J.B. Spins

Jazz, film, and improvised culture.

Thursday, July 06, 2017

NYAFF ’17: Love and Other Cults

It is tough being a delinquent in a small town. Once you get tagged with a rep, fairly or unfairly, it is impossible to shake. That definitely happens to poor Ai Shima. All she wants is to be loved and all Ryota Sakuma wants to do is love her, but everything and everyone conspires against them in Eiji Uchida’s Love and Other Cults (trailer here), which screens during the 2017 New York Asian Film Festival.

Shima’s mother never showed her any affection, because her love is always reserved for the various religious cults she compulsively joins. Ironically, when her mother shipped her off to the commune run by the dodgy western con artist Lavi, Shima finally found the love and acceptance she craved. Alas, it would not last. When the cops returned her to her neglectful mother, Shima fell in with a loose knit group of punks. That is how she met Sakuma. He looks like a studious, blazer-wearing high schooler, but he is as jaded as they come.

Nevertheless, he desperately wants to save Shima from her demeaning life, but she is stuck running scams for the likes of aspiring yakuza Yuji Mieno, who is determined to impress the local boss, Kida. However, when his imposing right-hand man Kenta Kitagawa shows signs of disillusionment, perhaps envisioning a more stable life with Reika Kojima, the beautiful marine biologist, Mieno will start lashing out to shore up his position.

Tonally, LAOC covers the waterfront. Think of it as one part Sion Sono’s Love Exposure, one part Tetsuya Nakashima’s Memories of Matsuko, and one part The Breakfast Club. Although it is billed as something of a transgressive comedy, the overriding emotion it inspires is one of profound sadness for the frequently rejected and abandoned Shima. Sairi Itô plays her with such earnestness and a vulnerability, it often hurts to watch her.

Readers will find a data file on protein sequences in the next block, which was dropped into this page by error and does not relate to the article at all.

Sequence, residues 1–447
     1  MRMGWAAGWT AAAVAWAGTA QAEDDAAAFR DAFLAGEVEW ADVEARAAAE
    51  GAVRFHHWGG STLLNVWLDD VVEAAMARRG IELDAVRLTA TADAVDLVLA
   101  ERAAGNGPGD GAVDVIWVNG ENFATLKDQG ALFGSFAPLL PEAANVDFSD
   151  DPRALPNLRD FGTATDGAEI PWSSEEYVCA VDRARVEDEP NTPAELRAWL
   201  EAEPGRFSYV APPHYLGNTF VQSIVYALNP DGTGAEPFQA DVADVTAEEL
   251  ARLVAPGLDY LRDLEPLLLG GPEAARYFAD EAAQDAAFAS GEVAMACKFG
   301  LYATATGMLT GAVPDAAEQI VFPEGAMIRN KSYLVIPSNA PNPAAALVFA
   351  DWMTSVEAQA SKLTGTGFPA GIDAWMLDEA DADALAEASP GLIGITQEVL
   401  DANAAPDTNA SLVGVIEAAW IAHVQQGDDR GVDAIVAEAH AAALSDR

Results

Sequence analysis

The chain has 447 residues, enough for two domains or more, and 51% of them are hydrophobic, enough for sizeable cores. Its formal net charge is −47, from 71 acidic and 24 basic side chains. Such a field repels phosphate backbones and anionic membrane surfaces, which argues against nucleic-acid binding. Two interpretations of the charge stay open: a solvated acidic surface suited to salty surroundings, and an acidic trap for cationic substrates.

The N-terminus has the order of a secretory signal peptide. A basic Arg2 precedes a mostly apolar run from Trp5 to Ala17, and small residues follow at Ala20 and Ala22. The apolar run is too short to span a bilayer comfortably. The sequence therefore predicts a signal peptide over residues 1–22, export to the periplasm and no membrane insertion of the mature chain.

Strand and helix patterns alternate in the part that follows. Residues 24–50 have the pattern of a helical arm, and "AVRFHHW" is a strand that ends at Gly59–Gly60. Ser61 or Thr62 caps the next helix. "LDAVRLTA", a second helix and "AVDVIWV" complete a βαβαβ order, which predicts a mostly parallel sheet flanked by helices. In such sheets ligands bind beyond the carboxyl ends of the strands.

Frankly, Kenta Suga’s Sakuma is a bit of a cold fish cypher opposite her. In contrast, Kaito Yoshimura is so flamboyantly and erratically nuts as Mieno, he is like watching a fireworks show. Old crafty Denden does his thing as sinister old Kida. However, (uni-named) Antony and Hanae Kan unexpectedly steal the show as Kitagawa and Kojima, developing to our shock and dismay, a healthy, appealing romantic relationship.

Uchida demands a lot and gives maybe just enough. For a supposed comedy, LAOC is often uncomfortable and mean-spirited. Yet, most of the characters are so sharply drawn, they will start to feel real to you. It is a close call, but the work of Itô, Antony, and Kan really deserves to be seen when Love and Other Cults screens this Saturday (7/8) at the Walter Reade, as part of this year’s NYAFF.

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